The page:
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Maritime Injury FAQ

What Is a Jones Act Vessel?

The answer to this question changed in 2005. At that time, the U.S. Supreme Court expanded the definition of a vessel to include every description of watercraft or artificial structure capable of being used for transportation on water. As such, the term vessel is no longer restricted to conventional watercraft such as ships, barges, tugs, and special purpose vessels such as jack-up and semi-submersible drilling rigs and other mobile offshore drilling units. The term vessel has been expanded to include unpowered floating structures such as dredges and pontoon rafts.

Many people have questions about the Jones Act status of oil rigs, dredges, and MODU, to name a few. If there is question as to whether or not a vessel classifies as a Jones Act vessel, it would be best to consult a seasoned maritime attorney.

Jones Act vessels must be registered in the U.S. Our laws require that crewmembers be American citizens or legal aliens. Cabotage laws, what the Jones Act falls under, requires also that the ships must be built and owned by the United States in order to qualify as a Jones Act vessel. They must all be registered under the American flag.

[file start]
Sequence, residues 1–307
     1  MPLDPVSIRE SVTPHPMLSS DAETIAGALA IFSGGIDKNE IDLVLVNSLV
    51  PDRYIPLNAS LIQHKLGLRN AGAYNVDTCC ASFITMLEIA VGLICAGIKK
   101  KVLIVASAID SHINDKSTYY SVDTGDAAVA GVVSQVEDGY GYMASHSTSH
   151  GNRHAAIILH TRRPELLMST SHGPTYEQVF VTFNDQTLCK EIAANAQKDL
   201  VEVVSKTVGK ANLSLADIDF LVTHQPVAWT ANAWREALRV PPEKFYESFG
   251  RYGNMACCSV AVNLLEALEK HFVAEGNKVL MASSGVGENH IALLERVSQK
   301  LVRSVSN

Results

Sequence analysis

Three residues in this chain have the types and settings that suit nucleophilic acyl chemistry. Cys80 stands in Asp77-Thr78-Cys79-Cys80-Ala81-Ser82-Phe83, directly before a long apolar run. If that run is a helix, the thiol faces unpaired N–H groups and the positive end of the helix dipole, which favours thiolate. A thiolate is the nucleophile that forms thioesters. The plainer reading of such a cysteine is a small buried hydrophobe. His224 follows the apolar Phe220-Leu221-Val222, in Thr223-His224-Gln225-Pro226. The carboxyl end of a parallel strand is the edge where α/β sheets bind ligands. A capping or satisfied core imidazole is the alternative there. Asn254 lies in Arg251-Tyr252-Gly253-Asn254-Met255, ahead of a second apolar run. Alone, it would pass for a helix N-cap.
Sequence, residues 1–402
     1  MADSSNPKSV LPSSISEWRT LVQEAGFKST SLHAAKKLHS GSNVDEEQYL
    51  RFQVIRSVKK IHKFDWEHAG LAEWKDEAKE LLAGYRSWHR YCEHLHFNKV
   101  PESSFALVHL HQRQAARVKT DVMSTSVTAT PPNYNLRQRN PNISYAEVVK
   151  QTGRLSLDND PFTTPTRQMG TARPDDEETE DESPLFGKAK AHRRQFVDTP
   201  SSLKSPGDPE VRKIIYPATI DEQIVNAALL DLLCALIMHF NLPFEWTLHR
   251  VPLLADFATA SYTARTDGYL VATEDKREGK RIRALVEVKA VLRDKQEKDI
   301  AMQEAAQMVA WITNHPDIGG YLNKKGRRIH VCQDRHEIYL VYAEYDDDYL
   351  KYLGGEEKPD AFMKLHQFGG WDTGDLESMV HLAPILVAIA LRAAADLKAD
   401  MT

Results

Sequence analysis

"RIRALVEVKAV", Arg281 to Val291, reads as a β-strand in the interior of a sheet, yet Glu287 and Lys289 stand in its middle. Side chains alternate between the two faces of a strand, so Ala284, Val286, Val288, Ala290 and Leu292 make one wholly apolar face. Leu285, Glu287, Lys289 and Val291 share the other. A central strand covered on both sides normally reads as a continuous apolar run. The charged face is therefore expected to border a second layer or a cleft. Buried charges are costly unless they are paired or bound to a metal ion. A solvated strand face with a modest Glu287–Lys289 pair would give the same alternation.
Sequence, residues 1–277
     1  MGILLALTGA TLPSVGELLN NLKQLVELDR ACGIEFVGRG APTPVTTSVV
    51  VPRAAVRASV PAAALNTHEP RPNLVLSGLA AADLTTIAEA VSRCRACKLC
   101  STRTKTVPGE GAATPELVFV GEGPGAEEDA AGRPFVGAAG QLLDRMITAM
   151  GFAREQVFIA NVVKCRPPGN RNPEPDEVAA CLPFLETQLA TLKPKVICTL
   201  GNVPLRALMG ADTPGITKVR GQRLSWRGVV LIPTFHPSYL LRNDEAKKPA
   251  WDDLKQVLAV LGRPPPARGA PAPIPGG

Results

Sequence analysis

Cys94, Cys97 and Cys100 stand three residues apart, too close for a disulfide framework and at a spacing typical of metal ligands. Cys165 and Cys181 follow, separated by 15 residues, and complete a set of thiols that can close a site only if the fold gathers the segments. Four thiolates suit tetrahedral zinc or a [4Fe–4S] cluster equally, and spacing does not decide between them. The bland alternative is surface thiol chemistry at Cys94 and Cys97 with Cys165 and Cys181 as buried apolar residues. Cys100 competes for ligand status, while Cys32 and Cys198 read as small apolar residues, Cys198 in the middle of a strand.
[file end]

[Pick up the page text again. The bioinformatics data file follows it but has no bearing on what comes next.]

US Code, Title 1, Chapter 1 states that a vessel is "every description of watercraft or other artificial contrivance used or capable of being used as a means of transportation on water."

The Case That Defined Jones Act Vessels: Stewart v. Dutra

The 2005 Supreme Court decision that clarified the definition of a Jones Act vessel occurred in Stewart v. Dutra Construction Co. (03-814) 543 U.S. 481. During the case, a worker (Stewart) injured while working on a large dredge owned by Dutra Construction Company tried to use the Jones Act to receive compensation for his injuries. At trial, a court concluded that the dredge did not qualify for the Jones Act because its main purpose was dredging rather than transportation.

When Stewart v. Dutra made it to the Supreme Court, the highest court in the United States sided with the worker. It decided that a Jones Act vessel isn’t one that is focused on transportation. Instead, vessels are those that are capable of transportation. According to this definition, since the dredge needed to move to fulfill its purpose, it was a Jones Act vessel. In other words, those who hid behind a strict definition of a Jones Act vessel were no longer able to escape accountability because of this important Supreme Court decision.

To learn more about this law and how it applies to you, call our Jones Act attorneys at (888) 493-1629. We can help.

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